In 2019, Disneyland and Walt Disney World’s Hollywood Studios opened their newest themed land: Star Wars: Galaxy’s Edge. The park took place on the new planet Batuu, and is considered canon in the current Star Wars stories it’s been referenced in at least one movie (Solo), and part of one of the new Thrawn books. But of course, as with any Disney Park, they had to create a story for everything in it, and to do this, they created a comic series.
Aptly titled, Star Wars: Galaxy’s Edge gives background to a plethora of the locations in the park, and gives a backstory to a lot of the more questionable elements. Why does Dok-Ondar have lightsabers from famed Jedi? Why does he have a Sarlacc pit? What’s up with those blaster burns in Oga’s Cantina? Why is Hondo so great? The comic gives an in-universe reason for all of these, and are all things you can see when you actually go to Batuu.
For example, in one issue, Dok-Ondar tasks famed smuggler Han Solo to collect a baby Sarlacc (seen above). Of course, things don’t go according to plan, but when you go to the park, and enter Dok-Ondar’s Den of Antiquities, you can find this Sarlacc in a corner of the shop, in the same cage as he is in the comic (seen below, picture by me).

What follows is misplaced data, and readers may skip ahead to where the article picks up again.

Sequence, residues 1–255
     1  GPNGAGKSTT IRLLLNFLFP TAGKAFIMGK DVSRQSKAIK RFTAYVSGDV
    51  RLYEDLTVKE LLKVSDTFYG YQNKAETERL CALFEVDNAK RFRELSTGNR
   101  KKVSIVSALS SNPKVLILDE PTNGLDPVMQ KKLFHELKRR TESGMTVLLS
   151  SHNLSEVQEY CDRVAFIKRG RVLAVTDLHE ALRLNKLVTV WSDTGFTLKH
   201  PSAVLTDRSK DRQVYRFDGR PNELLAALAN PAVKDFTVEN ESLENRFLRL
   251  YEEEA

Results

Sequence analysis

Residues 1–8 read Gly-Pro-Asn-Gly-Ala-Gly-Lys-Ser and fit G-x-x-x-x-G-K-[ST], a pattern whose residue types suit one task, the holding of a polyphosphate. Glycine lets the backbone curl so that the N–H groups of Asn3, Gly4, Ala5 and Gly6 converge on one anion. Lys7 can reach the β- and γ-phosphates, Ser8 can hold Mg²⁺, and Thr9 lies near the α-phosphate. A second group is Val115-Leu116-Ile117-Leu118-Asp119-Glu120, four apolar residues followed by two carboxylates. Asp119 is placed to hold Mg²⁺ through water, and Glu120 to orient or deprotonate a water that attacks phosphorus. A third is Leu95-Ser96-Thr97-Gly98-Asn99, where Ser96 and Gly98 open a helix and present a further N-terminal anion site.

There have been other comics based on the Disney Parks, there was a Dreamfinder comic based on the character from the beloved “Journey into Imagination” ride, a Haunted Mansion comic, and somehow an Enchanted Tiki Room series, but none of those are about a land, just a ride. The Galaxy’s Edge comic does something no other comic has done, in faithfully recreating the park, and preparing you to step into this immersive world. The comic isn’t necessary to understand what’s happening in the park, but the explanations it gives make the park feel more alive, make it feel like it has a history.
Of course, the park was built before the comic was made, but seeing these images from the comic in the park is something else. It’s like how watching a superhero movie makes the characters look real, but in this case, it’s something tangible. You can SEE the DJ droid from the comic, you can reach out and touch the Sarlacc, you can taste the Ronto Wraps they mention. Overall, it’s something that’s an amazing experience, and I’d recommend reading the comic first to get it (once the pandemic ends of course).
A final point I’d like to bring up, is if Disney might to something similar for the upcoming Avengers Campus land in Disney’s California Adventure. Of course, this land is based on the Marvel Cinematic Universe, but there will be continuity differences, so will they make a comic to support it? Will they do regular books? Or will they just assume visitors don’t need to question it, and just want to see Spider-Man swinging above them while they enjoy an infinity stone churro? Only time will tell.